Research @ KICP
January 15, 2006
SDSS-II Supernova Survey explodes with new findings
by Joshua A. Frieman
''An advantage of the SDSS is that it carries out nearly simultaneous imaging in five different portions of the optical spectrum, providing measurements of the colors as well as the brightness of objects,'' explained Masao Sako of Stanford University. Using these colors, Sako and other members of the SDSS-II supernova team were able to zero in with very high efficiency on the prized Type Ia supernovae, the most precise standard candles.
The most promising Type Ia candidates were targeted for follow-up spectroscopy on a variety of other telescopes, including the Astrophysical Research Consortium's 3.5-meter telescope, the Hobby- Eberly 9.2-meter telescope in Texas, the William Herschel 4.2-meter telescope in the Canary Islands, Japan's Subaru 8.2-meter telescope, Keck 10-meter telescope in Hawaii and the MDM Hiltner 2.4-meter telescope in Arizona.
''Follow up observations that measure the spectrum of the supernova are critical,'' explained team member John Marriner of Fermilab. ''First, they confirm that the candidate is a Type Ia rather than some other kind of supernova, and second, they determine the velocity at which it is receding from the Earth.'' That recession velocity is caused by the expansion of the Universe; by combining the brightnesses and recession velocities of large numbers of supernovae, astronomers can unravel the history of the cosmic expansion rate.
Since supernovae are bright only for a few weeks, the candidates must be identified quickly so that their spectra can be measured before they fade. A cluster of 10 dual-processor computers at the observatory automatically processes the data and looks for differences between the images just taken and those of the same part of the sky in previous years.
''A full night of data collection with the telescope yields about 2,400 images, each one roughly equivalent to the image in a four- megapixel digital camera. We process these images with our computers in about 20 hours,'' explained supernova researcher Richard Kessler of the Kavli Institute for Cosmological Physics at the University of Chicago. ''This accumulation of 70 gigabytes of images each night is equal to more than 100 CDs or 15 DVDs.''
''All of the well-known results on the accelerating universe have so far come from comparing nearby supernovae to distant supernovae that were discovered and measured in different kinds of surveys,'' added Frieman. ''The SDSS-II survey fills in the missing rungs on the ladder.''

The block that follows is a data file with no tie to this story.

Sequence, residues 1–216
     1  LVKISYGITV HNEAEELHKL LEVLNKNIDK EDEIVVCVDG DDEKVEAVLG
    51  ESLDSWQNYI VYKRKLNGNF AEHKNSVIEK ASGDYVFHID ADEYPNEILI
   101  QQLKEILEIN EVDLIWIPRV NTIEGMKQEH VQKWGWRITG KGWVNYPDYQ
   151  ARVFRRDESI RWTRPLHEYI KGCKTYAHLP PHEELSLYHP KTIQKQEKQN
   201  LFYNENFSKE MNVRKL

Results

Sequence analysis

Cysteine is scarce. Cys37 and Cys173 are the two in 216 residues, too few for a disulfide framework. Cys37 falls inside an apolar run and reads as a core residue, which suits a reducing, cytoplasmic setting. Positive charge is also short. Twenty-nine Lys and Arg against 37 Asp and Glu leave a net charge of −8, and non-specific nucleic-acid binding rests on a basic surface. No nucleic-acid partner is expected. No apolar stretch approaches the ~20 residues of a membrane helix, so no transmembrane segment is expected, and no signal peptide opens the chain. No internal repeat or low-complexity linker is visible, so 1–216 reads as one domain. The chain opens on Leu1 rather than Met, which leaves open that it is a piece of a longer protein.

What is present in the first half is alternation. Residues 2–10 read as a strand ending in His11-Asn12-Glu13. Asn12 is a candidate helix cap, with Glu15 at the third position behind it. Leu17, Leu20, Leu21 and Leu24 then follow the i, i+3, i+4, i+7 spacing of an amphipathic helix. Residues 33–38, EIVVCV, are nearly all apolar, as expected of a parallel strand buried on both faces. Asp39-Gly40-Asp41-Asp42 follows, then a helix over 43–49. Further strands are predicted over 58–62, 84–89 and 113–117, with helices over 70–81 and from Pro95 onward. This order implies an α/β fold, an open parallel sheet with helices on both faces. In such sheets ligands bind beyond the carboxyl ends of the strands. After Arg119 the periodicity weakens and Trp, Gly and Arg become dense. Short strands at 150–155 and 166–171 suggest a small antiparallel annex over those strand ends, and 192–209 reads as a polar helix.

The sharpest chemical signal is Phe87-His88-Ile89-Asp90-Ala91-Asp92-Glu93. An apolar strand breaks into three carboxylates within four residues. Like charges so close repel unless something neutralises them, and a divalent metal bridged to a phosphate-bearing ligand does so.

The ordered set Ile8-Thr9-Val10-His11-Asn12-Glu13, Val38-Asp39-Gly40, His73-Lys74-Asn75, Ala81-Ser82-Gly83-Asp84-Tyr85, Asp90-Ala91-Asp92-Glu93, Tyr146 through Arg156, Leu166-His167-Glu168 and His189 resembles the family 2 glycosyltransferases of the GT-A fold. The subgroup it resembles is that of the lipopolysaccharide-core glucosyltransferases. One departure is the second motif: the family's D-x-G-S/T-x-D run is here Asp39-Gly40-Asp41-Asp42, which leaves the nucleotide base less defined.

The race to improve the quality of supernova samples over a range of distances is heating up.
''The Sloan Supernova Legacy Survey and the ESSENCE survey are compiling more distant samples that will include hundreds of supernovae by the time they each finish a few years from now,'' noted Craig Hogan of the University of Washington. ''Combining the SDSS results with these deeper surveys will probe the cosmic expansion and the nature of the dark energy with greater precision.'' (ESSENCE is a five-year supernova survey designed to constrain the physics of Dark Energy.)
The SDSS researchers are also looking forward to some surprises in the ''astronomical zoo.''
''We focused on the type Ia supernovae this season, because of the exciting cosmology applications, but the SDSS gives us a unique tool to study unusual supernova types,'' noted Stanford University's Roger Romani. ''We have shown that we can sift through hundreds of new supernovae to select the rare gems. With a survey volume this large, these rarities turn up frequently enough to allow serious investigation of their place in the astronomical zoo.''
Type Ia Supernovae are formed when white dwarf stars - the remnants of stars similar to our Sun -- collapse inward and blow up like an atomic bomb in brief but intense bursts of energy. The white dwarf accumulates gas from a companion star until it explodes, spewing gas and particles of iron, nickel and cobalt. The brightness of the Type Ia light peaks about three weeks after the explosion and declines over a period of months.
Information about the newly discovered SDSS-II supernovae has been distributed to the astronomical community via the International Astronomical Union circulars and the Central Bureau for Electronic Telegrams. These listings of supernova discovery dates, positions, magnitudes, and list of co-authors helps the community perform follow- up research.
The Sloan Supernova Survey is one of three research and discovery components of The Sloan Digital Sky Survey (II), which will run through mid-2008.
ABOUT THE SLOAN DIGITAL SKY SURVEY (SDSS-II)
The Sloan Digital Sky Survey is the most ambitious astronomical survey project ever undertaken. The survey will map one- quarter of the entire sky, determining the positions and absolute brightnesses of more than 100 million celestial objects. It will also measure the distances to more than a million galaxies and quasars from the Apache Point Observatory in New Mexico.
Funding for the SDSS and SDSS-II has been provided by the Alfred P. Sloan Foundation, the Participating Institutions, the National Science Foundation, the U.S. Department of Energy, the National Aeronautics and Space Administration, the Japanese Monbukagakusho, the Max Planck Society, and the Higher Education Funding Council for England.